International Panel updates guidelines for Treatment and Prevention of HIV in Adults
The International Antiviral Society–USA Panel has updated its 2018 guidance on use of antiretroviral drugs to prevent and treat HIV infection to include recommendations on long-acting injections. The guidelines appear in JAMA.
The group recommends use of new long-acting injectable antiretroviral regimens (cabotegravir/rilpivirine) given every 4 or 8 weeks. These regimens are awaiting FDA approval. Cabotegravir injected every 8 weeks is also recommended for preexposure prophylaxis for high-risk cisgender men and transgender women who have sex with men, again, pending regulatory approval.
With the aim to evaluate new data and incorporate them into current recommendations for initiating HIV therapy, monitoring individuals starting on therapy, changing regimens, preventing HIV infection for those at risk, and special considerations for older people with HIV,the expert panel laid down the following guidelines.
Key Recommendations for When to Start Antiretroviral Therapy (ART)
• Initiation of ART is recommended as soon as possible after HIV diagnosis, including immediately after diagnosis if the patient is ready to commit to treatment .
• Structural barriers that delay receipt of ART should be removed to allow newly diagnosed persons to receive ART at the first clinic visit after diagnosis if they and their clinicians determine that this approach is appropriate.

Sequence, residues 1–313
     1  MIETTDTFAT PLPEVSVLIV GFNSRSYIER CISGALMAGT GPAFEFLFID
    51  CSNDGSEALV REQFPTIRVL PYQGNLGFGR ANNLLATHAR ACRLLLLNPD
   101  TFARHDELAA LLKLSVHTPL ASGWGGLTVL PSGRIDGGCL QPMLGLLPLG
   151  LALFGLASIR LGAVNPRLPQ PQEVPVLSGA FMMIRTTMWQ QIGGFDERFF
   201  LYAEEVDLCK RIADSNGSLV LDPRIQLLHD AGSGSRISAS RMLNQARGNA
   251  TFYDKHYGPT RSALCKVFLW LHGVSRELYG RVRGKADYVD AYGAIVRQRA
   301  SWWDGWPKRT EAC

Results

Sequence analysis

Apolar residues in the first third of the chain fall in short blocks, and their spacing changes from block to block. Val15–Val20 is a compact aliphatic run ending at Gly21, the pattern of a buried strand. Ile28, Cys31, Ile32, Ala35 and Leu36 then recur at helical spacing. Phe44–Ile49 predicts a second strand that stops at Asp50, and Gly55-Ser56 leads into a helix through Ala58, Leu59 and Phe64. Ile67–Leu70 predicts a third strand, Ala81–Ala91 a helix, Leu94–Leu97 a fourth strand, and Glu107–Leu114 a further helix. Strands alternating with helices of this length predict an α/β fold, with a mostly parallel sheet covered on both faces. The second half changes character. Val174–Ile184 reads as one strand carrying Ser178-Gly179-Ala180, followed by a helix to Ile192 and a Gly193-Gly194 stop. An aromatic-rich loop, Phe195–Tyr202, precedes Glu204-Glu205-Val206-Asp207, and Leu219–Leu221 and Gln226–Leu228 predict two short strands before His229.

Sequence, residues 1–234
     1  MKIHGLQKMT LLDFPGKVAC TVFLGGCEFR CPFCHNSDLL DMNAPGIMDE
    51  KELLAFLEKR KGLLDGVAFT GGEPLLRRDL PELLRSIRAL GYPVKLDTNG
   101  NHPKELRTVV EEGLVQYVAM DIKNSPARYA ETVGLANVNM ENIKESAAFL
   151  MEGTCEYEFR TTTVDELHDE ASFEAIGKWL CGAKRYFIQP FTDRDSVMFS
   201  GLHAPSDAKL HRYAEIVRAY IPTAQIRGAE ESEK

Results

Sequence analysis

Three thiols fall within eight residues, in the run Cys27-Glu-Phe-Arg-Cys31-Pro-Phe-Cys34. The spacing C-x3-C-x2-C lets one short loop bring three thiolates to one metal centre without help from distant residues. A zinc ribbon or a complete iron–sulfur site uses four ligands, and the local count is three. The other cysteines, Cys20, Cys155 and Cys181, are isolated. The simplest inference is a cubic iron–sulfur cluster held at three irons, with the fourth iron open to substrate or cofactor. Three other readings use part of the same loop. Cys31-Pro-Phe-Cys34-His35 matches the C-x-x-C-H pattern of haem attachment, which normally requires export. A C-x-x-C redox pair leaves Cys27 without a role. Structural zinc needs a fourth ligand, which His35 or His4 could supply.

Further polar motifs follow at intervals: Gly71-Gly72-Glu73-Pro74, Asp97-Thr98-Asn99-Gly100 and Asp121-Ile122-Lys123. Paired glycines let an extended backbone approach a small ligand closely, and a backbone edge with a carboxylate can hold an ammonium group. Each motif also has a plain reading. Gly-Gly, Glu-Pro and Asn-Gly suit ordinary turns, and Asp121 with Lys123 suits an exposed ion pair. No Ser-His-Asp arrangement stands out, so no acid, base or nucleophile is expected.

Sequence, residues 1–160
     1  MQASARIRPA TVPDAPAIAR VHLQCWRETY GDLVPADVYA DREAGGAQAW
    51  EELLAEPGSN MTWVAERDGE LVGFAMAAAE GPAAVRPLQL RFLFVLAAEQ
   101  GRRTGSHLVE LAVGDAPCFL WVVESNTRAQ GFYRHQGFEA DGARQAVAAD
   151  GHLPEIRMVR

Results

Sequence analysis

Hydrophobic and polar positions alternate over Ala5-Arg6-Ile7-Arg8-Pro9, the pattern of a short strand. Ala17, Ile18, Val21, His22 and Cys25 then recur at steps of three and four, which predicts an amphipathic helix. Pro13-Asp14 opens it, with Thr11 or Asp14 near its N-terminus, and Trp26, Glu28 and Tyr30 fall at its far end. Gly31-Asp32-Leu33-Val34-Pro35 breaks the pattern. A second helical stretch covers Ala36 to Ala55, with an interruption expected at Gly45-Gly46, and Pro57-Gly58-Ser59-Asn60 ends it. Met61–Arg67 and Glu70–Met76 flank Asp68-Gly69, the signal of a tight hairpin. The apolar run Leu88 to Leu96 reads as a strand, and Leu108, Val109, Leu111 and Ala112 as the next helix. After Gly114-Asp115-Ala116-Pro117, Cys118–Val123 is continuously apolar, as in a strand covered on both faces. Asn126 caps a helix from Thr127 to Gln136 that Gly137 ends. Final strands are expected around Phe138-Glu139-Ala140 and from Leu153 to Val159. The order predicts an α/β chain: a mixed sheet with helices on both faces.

• Initiation of ART is recommended within 2 weeks of initiation of treatment for most opportunistic infections , except: • For individuals with tuberculosis and CD4 cell counts of 50/μL or above, ART should be initiated within 2 to 8 weeks of initiation of tuberculosis treatment (evidence rating: AIa) • For individuals with cryptococcal meningitis, ART should be initiated within 4 to 6 weeks after starting antifungal therapy .
• Initiation of ART is recommended immediately in the setting of a new diagnosis of cancer with attention to drug-drug interaction.
Recommended Initial Antiretroviral Therapy (ART) Regimens Recommended for Most People With HIVa
• Bictegravir/tenofovir alafenamide/emtricitabine
• Dolutegravir plus • Tenofovir alafenamide/emtricitabine • Tenofovir disoproxil fumarate/emtricitabine • Tenofovir disoproxil fumarate/lamivudine .
• Dolutegravir/lamivudine with caveats
Recommended in the Setting of Opportunistic Infection Treatment
• Dolutegravir (50 mg twice daily), efavirenz (600 mg/d), or raltegravir (800 mg twice daily) plus 2 nucleoside reverse transcription inhibitors is recommended for initial ART in people with HIV who have active tuberculosis and are receiving a rifamycin-based tuberculosis treatment regimen .